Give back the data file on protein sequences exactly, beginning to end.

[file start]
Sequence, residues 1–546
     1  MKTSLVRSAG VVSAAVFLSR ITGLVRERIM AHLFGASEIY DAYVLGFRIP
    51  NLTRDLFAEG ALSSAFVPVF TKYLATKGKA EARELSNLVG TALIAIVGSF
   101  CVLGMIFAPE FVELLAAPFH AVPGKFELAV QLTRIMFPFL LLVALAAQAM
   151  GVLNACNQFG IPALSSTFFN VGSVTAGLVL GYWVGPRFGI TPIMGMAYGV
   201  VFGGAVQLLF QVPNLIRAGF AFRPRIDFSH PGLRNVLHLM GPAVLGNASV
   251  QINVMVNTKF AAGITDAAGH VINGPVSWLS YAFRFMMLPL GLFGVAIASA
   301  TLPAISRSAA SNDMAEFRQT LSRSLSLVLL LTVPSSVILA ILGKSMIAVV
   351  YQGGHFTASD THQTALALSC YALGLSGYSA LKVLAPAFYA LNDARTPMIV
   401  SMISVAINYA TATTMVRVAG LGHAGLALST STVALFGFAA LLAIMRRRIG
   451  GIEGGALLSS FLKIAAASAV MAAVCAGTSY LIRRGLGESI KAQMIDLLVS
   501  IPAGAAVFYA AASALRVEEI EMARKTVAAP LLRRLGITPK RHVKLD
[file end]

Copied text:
Sequence, residues 1–546
     1  MKTSLVRSAG VVSAAVFLSR ITGLVRERIM AHLFGASEIY DAYVLGFRIP
    51  NLTRDLFAEG ALSSAFVPVF TKYLATKGKA EARELSNLVG TALIAIVGSF
   101  CVLGMIFAPE FVELLAAPFH AVPGKFELAV QLTRIMFPFL LLVALAAQAM
   151  GVLNACNQFG IPALSSTFFN VGSVTAGLVL GYWVGPRFGI TPIMGMAYGV
   201  VFGGAVQLLF QVPNLIRAGF AFRPRIDFSH PGLRNVLHLM GPAVLGNASV
   251  QINVMVNTKF AAGITDAAGH VINGPVSWLS YAFRFMMLPL GLFGVAIASA
   301  TLPAISRSAA SNDMAEFRQT LSRSLSLVLL LTVPSSVILA ILGKSMIAVV
   351  YQGGHFTASD THQTALALSC YALGLSGYSA LKVLAPAFYA LNDARTPMIV
   401  SMISVAINYA TATTMVRVAG LGHAGLALST STVALFGFAA LLAIMRRRIG
   451  GIEGGALLSS FLKIAAASAV MAAVCAGTSY LIRRGLGESI KAQMIDLLVS
   501  IPAGAAVFYA AASALRVEEI EMARKTVAAP LLRRLGITPK RHVKLD